In this article, we are going to discuss some important definitions of terms related to bar magnets. So let’s get started…
Some important definitions linked to the bar magnet is given below:
The magnetic field is the region around any magnetic material in which magnetic influence can be experienced. It is denoted by a capital letter (B) and its unit is Tesla denoted by capital (T).
Uniform magnetic field
A magnetic field in any region is said to be uniform if it has the same magnitude and direction at all the points in that region. At any place, the magnetic field due to earth is considered uniform. But the magnetic field due to a bar magnet is not uniform because the magnetic field due to a bar magnet is not the same at all points. Magnetic fields are strongest at the poles of the bar magnet.
A uniform magnetic field acting in the plane of paper is illustrated by the equidistant parallel lines. If a uniform magnetic field is acting perpendicular to the plane of the paper and directed outward then it is represented as dots but if a uniform magnetic field is acting perpendicular to the plane of the paper and directed inward then it is represented as crosses.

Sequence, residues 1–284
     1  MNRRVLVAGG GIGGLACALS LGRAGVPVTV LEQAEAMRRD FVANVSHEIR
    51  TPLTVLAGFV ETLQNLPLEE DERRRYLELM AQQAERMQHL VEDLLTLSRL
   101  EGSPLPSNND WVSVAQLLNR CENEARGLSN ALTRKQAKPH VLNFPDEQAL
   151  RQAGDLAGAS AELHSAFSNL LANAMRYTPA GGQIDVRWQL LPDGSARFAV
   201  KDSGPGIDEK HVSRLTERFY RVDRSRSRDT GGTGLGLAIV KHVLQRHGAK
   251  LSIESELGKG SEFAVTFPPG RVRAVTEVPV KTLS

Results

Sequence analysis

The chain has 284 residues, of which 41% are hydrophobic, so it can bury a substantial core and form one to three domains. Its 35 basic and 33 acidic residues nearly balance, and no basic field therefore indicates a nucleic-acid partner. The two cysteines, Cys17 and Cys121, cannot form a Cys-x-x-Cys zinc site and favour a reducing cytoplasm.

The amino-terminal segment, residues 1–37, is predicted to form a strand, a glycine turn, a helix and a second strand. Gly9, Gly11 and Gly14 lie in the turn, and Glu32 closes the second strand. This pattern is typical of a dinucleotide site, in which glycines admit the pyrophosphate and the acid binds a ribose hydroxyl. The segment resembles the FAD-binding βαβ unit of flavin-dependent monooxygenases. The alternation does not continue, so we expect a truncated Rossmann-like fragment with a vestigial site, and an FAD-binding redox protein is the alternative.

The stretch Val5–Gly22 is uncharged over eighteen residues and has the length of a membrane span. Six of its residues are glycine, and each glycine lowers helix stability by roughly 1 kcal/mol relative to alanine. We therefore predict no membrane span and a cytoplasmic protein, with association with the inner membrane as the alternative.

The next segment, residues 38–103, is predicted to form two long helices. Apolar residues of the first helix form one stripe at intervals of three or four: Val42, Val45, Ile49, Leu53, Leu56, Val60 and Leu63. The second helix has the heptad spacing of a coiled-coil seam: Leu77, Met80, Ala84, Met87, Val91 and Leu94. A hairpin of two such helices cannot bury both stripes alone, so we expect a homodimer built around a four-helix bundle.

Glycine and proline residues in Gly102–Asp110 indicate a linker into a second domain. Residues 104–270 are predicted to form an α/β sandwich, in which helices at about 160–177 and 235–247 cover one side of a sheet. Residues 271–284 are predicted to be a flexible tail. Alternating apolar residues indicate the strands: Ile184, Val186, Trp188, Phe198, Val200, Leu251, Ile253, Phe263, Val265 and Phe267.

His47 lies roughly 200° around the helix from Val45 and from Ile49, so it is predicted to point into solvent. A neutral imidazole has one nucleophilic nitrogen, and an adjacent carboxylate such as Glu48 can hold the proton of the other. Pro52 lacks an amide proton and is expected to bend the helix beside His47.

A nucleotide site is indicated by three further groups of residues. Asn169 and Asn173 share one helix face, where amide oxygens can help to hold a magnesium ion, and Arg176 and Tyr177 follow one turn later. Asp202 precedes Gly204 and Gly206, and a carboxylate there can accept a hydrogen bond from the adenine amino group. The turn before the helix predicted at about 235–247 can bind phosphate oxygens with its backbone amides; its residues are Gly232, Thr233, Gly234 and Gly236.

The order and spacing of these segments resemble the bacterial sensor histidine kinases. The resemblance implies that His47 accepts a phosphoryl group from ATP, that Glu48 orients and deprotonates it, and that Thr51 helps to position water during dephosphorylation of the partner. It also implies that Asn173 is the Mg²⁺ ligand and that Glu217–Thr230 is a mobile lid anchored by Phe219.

Magnetic poles are the region of apparently concentrated magnetic strength inside the magnet, where the magnetic attraction is maximum. The magnetic poles didn’t lie at the end of geometrical length but somewhat inside the magnet.
The lines passing through the poles of a magnet are called the magnetic axis.
The line passing through the center to the magnet and perpendicular to the magnetic axis is called the magnetic equator.
The distance between the two poles of a magnet is called magnetic length. It is slightly less than the geometric length of the magnet. Geometric length is the complete length of the magnet. It is found that the ratio of magnetic length and geometric length is equal to 0.84.
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